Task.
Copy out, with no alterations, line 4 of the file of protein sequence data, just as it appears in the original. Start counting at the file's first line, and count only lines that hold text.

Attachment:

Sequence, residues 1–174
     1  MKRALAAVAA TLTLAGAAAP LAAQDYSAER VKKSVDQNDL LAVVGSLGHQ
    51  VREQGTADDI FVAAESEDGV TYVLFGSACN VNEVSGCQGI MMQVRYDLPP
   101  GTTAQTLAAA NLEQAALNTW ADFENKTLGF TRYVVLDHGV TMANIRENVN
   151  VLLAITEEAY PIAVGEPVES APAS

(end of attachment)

   101  GTTAQTLAAA NLEQAALNTW ADFENKTLGF TRYVVLDHGV TMANIRENVN